Shades of Things to Come?
By: Erik Rush
In December of 2003, the U.S.-based Home School Legal Defense Association (http://www.hslda.org) released an article entitled â€œGerman Homeschoolers Under Attackâ€ which addressed difficulties German families were having with their government in attempting to home school their children.
In 2001, HSLDA helped German homeschoolers start their own legal advocacy group, Schulunterricht zu Hause. In 2003, Schulunterricht zu Hause successfully represented a family who had been charged with flouting German mandatory school attendance laws. This was the first step toward legitimizing homeschooling in Germany.
Unfortunately, as the article stated, due to the jingoistic legal atmosphere in that country, the courts have been able to keep the fight against home schooling alive; some families have actually had to go into hiding.
On November 17, 2007, an American publication covered an atrocious example of German law as regards homeschooling. Two children were seized by the state, the parentsâ€™ assets were frozen, and sympathetic social service personnel were sanctioned. It may come as no surprise that a degree of the governmentâ€™s resistance to certain homeschoolers has an anti-religious component.
I was quite surprised (yet obviously pleased) that homeschooling developed in the United States with minimal resistance from government agencies. I am even more pleased with the statistics that have emerged on the subject of home-schooled children excelling in extraordinary measure compared to their public school-attending counterparts. In truth, I rather expected a few average American families to have to endure Waco-style sieges, imprisonment and decades-long legal battles over the issue.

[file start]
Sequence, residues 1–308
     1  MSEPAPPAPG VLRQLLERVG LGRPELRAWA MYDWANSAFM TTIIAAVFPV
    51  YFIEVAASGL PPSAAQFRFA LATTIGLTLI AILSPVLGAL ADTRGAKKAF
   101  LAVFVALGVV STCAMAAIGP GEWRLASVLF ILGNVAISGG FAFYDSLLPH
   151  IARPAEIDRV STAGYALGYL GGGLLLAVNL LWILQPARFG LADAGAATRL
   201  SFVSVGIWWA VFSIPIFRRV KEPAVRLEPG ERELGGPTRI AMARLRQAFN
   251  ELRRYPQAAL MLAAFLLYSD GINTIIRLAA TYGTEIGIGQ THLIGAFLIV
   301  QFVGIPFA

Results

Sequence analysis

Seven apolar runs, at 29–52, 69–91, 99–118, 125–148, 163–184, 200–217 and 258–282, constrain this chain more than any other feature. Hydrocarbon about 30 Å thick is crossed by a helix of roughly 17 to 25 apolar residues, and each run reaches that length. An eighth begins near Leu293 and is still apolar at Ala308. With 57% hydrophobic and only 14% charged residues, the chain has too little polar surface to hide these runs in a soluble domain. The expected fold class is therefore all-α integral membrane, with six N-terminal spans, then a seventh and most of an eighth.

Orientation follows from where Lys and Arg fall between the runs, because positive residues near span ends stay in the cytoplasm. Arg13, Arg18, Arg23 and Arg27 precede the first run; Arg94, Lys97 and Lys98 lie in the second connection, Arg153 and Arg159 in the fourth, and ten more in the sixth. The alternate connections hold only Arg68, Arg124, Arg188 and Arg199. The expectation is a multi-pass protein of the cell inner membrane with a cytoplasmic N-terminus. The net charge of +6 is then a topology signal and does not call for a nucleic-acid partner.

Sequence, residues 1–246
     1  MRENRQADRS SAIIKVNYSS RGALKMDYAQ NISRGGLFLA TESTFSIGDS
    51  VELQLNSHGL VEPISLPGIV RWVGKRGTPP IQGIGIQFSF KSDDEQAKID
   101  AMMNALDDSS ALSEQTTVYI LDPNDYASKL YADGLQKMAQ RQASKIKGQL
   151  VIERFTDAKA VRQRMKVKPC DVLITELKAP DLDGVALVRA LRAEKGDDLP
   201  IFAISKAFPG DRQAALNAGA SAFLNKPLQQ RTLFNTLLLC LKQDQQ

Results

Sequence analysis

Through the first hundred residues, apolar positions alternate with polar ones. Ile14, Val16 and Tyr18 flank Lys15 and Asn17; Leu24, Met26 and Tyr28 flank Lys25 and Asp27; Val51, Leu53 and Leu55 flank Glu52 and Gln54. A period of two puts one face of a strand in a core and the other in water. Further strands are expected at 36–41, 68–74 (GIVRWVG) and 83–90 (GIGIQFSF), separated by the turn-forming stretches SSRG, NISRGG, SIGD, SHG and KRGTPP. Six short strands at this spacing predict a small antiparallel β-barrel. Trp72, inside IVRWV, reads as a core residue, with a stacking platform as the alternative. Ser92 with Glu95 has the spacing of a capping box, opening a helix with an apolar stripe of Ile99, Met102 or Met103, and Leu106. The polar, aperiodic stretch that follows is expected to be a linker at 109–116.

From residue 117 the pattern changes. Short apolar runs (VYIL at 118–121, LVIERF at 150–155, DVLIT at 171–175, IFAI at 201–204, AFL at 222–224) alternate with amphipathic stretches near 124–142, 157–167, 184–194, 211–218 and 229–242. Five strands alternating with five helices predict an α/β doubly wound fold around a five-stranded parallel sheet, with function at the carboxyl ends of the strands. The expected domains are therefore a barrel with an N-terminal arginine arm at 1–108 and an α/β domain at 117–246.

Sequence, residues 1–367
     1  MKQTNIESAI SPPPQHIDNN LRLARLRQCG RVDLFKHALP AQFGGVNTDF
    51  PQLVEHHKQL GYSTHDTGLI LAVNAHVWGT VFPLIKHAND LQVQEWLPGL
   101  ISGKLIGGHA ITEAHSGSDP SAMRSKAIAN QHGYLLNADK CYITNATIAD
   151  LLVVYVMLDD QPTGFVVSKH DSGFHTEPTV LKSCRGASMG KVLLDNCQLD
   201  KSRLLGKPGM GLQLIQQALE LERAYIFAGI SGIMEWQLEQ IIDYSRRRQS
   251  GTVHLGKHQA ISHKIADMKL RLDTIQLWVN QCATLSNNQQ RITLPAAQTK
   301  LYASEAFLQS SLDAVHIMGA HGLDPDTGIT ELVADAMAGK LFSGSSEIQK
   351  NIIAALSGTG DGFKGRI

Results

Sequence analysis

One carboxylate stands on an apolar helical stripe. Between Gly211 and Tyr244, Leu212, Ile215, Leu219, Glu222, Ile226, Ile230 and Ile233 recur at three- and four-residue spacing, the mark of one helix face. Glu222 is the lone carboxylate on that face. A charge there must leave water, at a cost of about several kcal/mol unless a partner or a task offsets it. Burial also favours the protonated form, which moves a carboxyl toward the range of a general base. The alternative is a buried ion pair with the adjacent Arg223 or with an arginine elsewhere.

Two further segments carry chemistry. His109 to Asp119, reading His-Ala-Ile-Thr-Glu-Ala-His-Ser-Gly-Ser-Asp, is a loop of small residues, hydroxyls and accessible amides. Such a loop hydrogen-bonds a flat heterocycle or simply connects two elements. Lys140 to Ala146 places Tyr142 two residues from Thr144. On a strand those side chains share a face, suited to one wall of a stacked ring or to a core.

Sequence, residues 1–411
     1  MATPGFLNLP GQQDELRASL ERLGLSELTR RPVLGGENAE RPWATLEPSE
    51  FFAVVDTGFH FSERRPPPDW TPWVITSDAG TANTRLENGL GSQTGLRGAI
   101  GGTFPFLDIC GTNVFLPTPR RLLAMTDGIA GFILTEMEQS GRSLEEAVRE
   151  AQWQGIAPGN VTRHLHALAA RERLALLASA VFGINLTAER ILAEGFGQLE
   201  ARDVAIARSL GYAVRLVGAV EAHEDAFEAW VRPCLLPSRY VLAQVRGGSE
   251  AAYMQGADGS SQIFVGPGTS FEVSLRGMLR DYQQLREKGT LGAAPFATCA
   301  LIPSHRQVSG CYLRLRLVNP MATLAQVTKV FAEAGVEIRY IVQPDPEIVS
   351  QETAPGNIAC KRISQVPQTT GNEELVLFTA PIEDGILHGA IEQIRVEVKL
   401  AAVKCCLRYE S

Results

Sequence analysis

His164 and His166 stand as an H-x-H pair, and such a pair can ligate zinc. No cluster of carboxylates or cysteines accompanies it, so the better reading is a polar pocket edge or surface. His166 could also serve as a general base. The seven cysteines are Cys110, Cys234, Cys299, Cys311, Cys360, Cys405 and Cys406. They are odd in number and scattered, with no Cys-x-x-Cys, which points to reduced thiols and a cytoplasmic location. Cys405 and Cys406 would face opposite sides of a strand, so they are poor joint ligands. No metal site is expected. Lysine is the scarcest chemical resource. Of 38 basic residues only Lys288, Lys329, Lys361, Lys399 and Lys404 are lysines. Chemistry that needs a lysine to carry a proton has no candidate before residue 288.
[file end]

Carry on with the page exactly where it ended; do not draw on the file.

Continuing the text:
So, why all the hubbub over the plight of some German home schoolers?
Well, hereâ€™s why. The socialistic European model of government is where the Left in America has us gravitating toward. Iâ€™m not talking about a minority of extreme far-Left zealots â€“ Iâ€™m talking about a substantial number of Democrats in Congress and all of the Democrat contenders for the 2008 presidential nomination. I know this will be old hat to some and severe extrapolations to others, but Iâ€™ve met elderly folks with numbers tattooed on their forearms who might beg to differ with the latter group.
The authoritarian carriage of the German courts is fairly typical of European Union nations, although there is of course some variance. Suffice it to say that most of Europe is effectively socialist compared to the U.S., at least for the time being. What the German courts are essentially saying (anti-religious attitudes against parochial homeschoolers notwithstanding) is that the state must be the final arbiter of education (read: social indoctrination). While some of the same sentiment exists in the U.S. (particularly amongst far-Left politicians and the National Education Association), it wasnâ€™t sufficient to keep home schooling from going forward.